Off The Record

Mr. Big’s Pat Torpey

Breaking Down the Quasi-Linear Beat to “Take Cover”

by Matt Starr

This month we’re going to look at a unique beat performed by Mr. Big drummer Pat Torpey for the song “Take Cover,” which appears on the band’s 1996 studio album, Hey Man.

When I first heard this groove, it sounded like a series of 16th notes played on the toms with the snare on beats 2 and 4. But being that I was familiar with Torpey’s unique playing style, I knew there was little chance that it would be that easy. According to Pat, the groove was actually created by guitarist Paul Gilbert. If it takes a while for you to master this beat, don’t feel bad. Pat says he spent “a few hours a day for about a week” to get it studio ready.

Torpey’s introduction to the linear-type drumming heard in “Take Cover” was via David Garibaldi with Tower of Power, on tracks like “Soul Vaccination,” “Oakland Stroke,” and “Squib Cakes.” Prior to Mr. Big, Torpey played with Robert Plant, the Knack, and David Lee Roth. When he joined Mr. Big, he was allowed to explore nontraditional rock drumming within the arrangement of four-minute commercial songs.

“Take Cover” is a great example of a musical-sounding beat that’s much more complex than it appears on first listen. Yet it’s designed to support the vocal melody. The core of the groove is built around a linear pattern between the kick, snare, and floor tom. The 8th-note hi-hat pattern is played with the toes in the chorus and with a heel/toe motion in the verse.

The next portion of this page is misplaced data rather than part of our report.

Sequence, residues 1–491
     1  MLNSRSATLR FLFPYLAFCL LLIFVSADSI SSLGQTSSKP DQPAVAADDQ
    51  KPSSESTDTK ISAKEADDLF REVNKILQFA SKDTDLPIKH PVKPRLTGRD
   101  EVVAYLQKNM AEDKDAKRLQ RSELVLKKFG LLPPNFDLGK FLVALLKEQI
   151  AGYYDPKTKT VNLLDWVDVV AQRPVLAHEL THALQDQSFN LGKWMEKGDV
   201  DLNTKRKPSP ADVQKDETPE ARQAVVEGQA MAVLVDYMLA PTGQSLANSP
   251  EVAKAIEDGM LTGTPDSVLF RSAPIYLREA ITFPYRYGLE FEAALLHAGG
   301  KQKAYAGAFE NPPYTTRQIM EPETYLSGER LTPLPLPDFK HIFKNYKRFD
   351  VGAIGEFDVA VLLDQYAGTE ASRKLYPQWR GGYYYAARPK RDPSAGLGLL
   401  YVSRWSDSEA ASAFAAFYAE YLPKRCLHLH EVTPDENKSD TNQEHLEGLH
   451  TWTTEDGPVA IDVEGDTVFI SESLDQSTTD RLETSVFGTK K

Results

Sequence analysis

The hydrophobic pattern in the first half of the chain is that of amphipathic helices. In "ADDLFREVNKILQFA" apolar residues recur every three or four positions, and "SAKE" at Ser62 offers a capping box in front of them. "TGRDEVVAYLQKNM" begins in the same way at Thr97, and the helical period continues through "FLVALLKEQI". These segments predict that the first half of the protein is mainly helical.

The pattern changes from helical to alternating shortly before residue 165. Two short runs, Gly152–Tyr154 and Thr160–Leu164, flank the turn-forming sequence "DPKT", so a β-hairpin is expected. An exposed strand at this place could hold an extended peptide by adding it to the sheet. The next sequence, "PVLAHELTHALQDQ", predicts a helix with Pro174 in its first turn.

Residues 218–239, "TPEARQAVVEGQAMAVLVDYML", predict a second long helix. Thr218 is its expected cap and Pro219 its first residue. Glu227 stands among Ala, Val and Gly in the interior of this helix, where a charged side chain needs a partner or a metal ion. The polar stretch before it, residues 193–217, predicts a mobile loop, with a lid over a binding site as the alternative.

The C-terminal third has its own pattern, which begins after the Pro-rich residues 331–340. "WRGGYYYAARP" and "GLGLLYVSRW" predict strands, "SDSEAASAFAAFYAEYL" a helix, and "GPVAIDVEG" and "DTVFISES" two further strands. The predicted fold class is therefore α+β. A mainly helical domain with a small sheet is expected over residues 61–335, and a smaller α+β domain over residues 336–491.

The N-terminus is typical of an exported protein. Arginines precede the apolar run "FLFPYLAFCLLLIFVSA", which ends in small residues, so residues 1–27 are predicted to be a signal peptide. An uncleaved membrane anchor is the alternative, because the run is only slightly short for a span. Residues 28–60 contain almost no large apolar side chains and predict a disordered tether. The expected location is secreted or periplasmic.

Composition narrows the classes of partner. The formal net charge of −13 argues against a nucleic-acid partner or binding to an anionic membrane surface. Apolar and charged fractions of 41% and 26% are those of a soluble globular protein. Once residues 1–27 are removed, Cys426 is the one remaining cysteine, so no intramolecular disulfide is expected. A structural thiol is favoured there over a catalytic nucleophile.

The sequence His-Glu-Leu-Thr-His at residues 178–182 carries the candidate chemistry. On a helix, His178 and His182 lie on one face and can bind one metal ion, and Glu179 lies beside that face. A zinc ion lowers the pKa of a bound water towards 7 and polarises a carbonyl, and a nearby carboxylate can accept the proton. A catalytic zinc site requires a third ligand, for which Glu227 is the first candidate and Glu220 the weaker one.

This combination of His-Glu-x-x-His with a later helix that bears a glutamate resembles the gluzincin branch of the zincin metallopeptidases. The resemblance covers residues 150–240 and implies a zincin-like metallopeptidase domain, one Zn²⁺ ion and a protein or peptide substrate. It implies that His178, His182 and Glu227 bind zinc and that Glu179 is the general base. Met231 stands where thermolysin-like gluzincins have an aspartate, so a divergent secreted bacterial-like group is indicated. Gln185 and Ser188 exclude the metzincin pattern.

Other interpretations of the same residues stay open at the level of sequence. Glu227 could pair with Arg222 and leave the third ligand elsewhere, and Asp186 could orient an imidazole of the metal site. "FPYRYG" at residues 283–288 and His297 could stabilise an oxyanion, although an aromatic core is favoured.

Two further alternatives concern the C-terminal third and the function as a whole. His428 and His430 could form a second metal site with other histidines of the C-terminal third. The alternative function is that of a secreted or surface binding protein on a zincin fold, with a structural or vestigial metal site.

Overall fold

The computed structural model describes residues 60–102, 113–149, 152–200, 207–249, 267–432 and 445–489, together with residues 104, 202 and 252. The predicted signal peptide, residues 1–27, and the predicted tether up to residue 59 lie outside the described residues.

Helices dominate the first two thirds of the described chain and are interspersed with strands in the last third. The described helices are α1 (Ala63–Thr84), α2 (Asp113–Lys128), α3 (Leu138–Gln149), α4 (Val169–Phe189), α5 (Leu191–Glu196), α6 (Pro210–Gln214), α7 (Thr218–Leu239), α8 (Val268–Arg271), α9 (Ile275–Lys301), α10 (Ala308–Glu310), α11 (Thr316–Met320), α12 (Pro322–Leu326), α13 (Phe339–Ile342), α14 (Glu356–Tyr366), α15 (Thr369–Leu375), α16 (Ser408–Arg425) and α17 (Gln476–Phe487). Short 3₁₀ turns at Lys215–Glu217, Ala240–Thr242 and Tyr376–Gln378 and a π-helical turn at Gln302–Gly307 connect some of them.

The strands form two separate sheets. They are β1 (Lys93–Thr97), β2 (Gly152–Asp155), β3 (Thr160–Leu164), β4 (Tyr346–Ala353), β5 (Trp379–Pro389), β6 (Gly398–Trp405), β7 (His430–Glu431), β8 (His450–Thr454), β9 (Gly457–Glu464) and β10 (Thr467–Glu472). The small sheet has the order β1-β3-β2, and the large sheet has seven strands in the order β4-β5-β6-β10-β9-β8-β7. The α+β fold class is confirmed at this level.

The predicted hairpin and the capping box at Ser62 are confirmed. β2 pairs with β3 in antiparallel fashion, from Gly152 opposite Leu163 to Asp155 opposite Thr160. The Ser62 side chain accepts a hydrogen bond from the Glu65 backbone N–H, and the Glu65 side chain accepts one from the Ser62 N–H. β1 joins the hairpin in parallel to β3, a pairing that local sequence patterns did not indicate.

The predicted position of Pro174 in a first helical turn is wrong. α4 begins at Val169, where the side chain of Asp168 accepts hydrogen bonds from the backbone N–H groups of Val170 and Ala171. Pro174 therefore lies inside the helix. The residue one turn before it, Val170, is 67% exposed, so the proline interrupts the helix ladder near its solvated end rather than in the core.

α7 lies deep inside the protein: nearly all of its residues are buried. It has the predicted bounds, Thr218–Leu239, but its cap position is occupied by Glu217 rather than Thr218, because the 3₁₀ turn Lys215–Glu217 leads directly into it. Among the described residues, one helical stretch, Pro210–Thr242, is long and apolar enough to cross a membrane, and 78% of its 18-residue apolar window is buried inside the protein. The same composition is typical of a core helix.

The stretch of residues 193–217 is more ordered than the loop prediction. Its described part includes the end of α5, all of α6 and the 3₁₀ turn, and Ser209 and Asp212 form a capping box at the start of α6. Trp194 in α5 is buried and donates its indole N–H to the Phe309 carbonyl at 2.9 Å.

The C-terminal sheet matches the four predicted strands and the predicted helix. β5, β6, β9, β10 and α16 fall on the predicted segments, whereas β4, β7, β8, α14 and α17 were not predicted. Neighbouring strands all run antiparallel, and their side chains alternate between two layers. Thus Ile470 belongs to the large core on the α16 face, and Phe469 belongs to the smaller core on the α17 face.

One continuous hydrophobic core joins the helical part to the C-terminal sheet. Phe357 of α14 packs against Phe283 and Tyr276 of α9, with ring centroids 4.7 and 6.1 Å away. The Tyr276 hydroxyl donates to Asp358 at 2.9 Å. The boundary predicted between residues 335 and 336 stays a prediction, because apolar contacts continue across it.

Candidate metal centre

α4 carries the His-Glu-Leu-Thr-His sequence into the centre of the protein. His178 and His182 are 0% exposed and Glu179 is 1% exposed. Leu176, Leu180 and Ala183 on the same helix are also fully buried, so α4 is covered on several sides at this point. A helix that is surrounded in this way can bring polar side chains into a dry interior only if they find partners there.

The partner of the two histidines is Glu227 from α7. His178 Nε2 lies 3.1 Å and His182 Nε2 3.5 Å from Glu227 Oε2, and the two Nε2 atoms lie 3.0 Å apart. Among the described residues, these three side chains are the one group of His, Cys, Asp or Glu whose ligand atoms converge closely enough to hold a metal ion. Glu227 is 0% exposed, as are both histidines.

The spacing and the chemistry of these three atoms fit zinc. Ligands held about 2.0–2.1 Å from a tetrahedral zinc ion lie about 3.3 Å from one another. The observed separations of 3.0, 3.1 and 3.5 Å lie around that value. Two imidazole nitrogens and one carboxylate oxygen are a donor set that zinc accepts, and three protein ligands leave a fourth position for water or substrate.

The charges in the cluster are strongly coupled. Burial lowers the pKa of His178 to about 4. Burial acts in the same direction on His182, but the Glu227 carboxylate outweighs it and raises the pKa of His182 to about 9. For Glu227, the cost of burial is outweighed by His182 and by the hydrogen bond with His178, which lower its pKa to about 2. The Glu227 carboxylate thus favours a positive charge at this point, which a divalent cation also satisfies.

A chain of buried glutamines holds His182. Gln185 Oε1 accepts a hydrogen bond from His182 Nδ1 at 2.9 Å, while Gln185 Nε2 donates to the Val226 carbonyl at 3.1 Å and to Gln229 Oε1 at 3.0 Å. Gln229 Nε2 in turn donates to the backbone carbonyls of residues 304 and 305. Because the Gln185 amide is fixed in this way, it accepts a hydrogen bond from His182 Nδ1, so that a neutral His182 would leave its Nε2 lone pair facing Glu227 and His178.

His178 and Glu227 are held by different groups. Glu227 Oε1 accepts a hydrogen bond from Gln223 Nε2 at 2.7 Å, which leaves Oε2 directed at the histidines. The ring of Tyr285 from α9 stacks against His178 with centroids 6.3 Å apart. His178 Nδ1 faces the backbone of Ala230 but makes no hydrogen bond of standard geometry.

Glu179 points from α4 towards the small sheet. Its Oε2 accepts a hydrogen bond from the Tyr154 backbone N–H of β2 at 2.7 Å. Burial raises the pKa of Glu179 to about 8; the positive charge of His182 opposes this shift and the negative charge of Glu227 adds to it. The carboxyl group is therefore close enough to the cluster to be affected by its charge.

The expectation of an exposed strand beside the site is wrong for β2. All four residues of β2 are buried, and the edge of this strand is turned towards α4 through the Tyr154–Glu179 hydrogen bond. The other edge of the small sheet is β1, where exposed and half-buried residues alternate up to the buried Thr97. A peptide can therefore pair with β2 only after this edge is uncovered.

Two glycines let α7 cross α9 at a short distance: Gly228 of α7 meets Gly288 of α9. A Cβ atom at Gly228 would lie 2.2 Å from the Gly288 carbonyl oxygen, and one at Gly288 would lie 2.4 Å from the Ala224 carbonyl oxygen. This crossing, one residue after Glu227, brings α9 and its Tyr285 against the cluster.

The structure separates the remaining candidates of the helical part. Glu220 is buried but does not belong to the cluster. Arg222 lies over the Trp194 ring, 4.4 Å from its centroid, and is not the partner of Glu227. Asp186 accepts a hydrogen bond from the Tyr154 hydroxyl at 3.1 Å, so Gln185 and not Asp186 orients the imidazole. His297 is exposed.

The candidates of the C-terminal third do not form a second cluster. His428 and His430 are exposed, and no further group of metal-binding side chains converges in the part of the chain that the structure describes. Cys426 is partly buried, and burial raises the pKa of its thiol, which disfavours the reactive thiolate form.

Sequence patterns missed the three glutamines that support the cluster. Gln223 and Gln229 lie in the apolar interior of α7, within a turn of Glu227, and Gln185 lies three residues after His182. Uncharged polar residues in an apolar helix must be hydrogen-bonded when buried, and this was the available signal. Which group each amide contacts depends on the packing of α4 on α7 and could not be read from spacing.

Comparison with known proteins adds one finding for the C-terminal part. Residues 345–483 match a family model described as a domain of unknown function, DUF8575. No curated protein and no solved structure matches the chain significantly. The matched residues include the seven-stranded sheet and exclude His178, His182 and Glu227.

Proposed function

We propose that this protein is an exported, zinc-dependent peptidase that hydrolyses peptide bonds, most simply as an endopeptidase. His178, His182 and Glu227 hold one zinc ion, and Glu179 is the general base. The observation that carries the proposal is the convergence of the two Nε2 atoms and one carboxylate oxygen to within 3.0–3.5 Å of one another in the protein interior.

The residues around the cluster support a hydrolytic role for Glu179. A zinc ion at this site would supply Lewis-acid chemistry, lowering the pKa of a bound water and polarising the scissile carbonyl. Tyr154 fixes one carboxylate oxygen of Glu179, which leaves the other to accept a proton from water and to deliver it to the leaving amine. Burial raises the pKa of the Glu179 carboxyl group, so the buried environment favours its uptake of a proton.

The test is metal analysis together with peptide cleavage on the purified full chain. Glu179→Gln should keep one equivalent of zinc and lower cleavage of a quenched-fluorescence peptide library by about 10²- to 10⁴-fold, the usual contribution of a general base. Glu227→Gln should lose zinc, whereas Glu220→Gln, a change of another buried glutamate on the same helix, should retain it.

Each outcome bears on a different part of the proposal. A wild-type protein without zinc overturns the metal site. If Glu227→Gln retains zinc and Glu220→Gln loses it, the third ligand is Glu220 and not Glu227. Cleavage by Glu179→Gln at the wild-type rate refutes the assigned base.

We’ll break down the beat into its individual parts, and then we’ll begin combining the limbs to create the full pattern. Let’s start with the kick-and-snare part. This pattern remains constant throughout the song.

Now let’s add the hi-hat as it’s played in the verse, which involves the heel/toe 8th-note motion. The heel plays on the downbeat to create a splash sound, and the toes play a chick sound on the offbeats.

Here’s the chorus pattern, which has consistent 8th-note chicks on the hi-hat that are played with the toes.

Now let’s look at the floor tom part. It’s filling in every 16th note where there’s not a stroke on the kick or snare.

Before you put everything together, work on combining different limbs to see how each part locks in with the others. A great way to do this is to play the patterns on a practice pad while tapping your feet on a hard floor. Listen for flams. I’ve used that technique often, and it’s very revealing.

Here are the two-limb combinations.

Now let’s put them all together.

The only variation occurs after the solo section. The floor tom pattern moves to the ride; it’s the same part, but with a series of accented and unaccented notes on the bell. Live, Torpey would leave out the hi-hat during this section. Try playing it both ways.

For another variation, try switching the kick and floor tom parts.

Pat plays a similar groove on the song “Spit It Out,” from his 1998 solo release, Odd Man Out. In this track, the snare hits a 16th note earlier, creating a Bo Diddley–type feel between the kick and snare, with the floor tom again filling in the rest of the 16ths.

Have fun, stay relaxed, and keep the notes consistent.


Matt Starr is the drummer for founding Kiss guitarist Ace Frehley. For more info, visit mattstarrmusic.com.